Portland, OR

Please login or subscribe to ITN to read the entire post.

Perhaps the reason Cremona, Italy, is less touristy and more “off the beaten path” is because it’s not on a major train line. I stayed there three nights, May 8-10, 2011, which was just right.

My main purpose in visiting was to hear the Raccolta dei Violini, the “exercising” of the priceless violins displayed in the Sala dei Violini in the loggia of Cremona’s town hall, Palazzo Comunale, located off Piazza del Comune, the main square.

Before the music, I visited, under guard, the small locked sala (room) containing the Stradivari and several other rare violins made in the late 17th century. Then, in a 15-minute presentation, a violinist masterfully played two pieces.

You should reserve tickets for this in advance, which I did a couple of weeks before I left the US by phoning the ticket office/bookshop of the Palazzo Comunale (phone 011 39 0372 803 618). Once in Cremona, when I picked up my ticket I paid the senior rate of €6 (near $8.30).

Another ticket (€3), also from the bookshop, got me into the 16th-century palazzo (several blocks away) that houses the Museo Civico “Ala Ponzone” pinocoteca (picture gallery) and the Museo Stradivariano (Via Ugolani Dati, 4, Cremona).

The Museo Stradivariano contains a large collection of stringed instruments plus many of Antonio Stradivari’s notes, drawings, blueprints, handcrafted tools and models of his creations.

Today, there are still about 100 violinmakers working in tiny shops scattered throughout Cremona. Most of these shops have large windows, so you can stand and watch a craftsman at work.

I stayed at Hotel Impero (Piazza della Pace, 21, 26100 Cremona, Italia; phone +39 0372 413013, fax 457295), found on www.booking.com. Its location was excellent. Including taxes and breakfast, the price of €69 (near $98) per night was very reasonable, I felt.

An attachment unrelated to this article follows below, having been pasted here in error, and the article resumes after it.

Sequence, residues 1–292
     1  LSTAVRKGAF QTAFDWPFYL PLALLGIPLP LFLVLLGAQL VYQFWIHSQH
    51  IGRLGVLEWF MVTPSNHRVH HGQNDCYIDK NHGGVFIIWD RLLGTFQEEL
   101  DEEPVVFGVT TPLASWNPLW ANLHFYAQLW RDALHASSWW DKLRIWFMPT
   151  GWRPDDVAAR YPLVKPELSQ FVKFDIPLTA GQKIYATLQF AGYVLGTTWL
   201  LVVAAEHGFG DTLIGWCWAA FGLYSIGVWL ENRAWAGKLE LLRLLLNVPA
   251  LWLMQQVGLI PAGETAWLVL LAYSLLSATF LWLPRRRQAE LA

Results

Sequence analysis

I asked for a “quiet location,” and room No. 312 faced an interior courtyard. The room was a bit dark but spacious, with high ceilings and a double bed. The bathroom came with the tub I had requested.

Breakfasts were good, with a large selection, and marred only by tour groups who took over both the food and table space during two of the three mornings I was there — no problem after 8 a.m.

After settling in, I walked a half block to the Old Town and, upon entering the square, discovered the Auditorium della Camera di Commercio (Via Baldesio 10, 26100 Cremona). I was able to catch the end of a Beethoven program by Trio per Archi (violin, viola and cello).

Another day, I happened upon a recital there. The students were, I think, ages seven to 14, and the expression and ability with which they played was astonishing. I have never heard such talented youths.

Near my hotel were two excellent restaurants. Ristorante il Violinio (via Sicardo 3, Cremona; phone 0372 46 1010) was both casual and elegant. At lunch, I felt very pampered, even though I ordered only a simple pureed pumpkin risotto (€12) and a glass of Sangiovese (€5).

In addition, I was given a taste of champagne, two small canapés, a warm puff pastry appetizer, a basket of bread, a pitcher of water and, for dessert, cookies — all complimentary! The meal price included tax and cover charge.

La Sosta — osteria con cucina (via Sicardo 9, Cremona; phone 0372 456 656), less formal, also was most enjoyable. Oddly enough, it was more expensive, though usually the term “ristorante” is at the top of the scale, with“trattoria” in the middle and “osteria” at the bottom.

For lunch, I ordered Tortelli di Erbetta e Ricotta for a reasonable €10. It came with the most unusual pasta forms I had ever seen, called spiga. They were braided into a design that looked like scales and curved in a fish-like shape — amazing, as was the dish, itself. However, the “cover” was €3, water €2.50, a side dish €4.50 and desserts €7, making the total bill €27 ($37).

MARILYN HILL
Portland, OR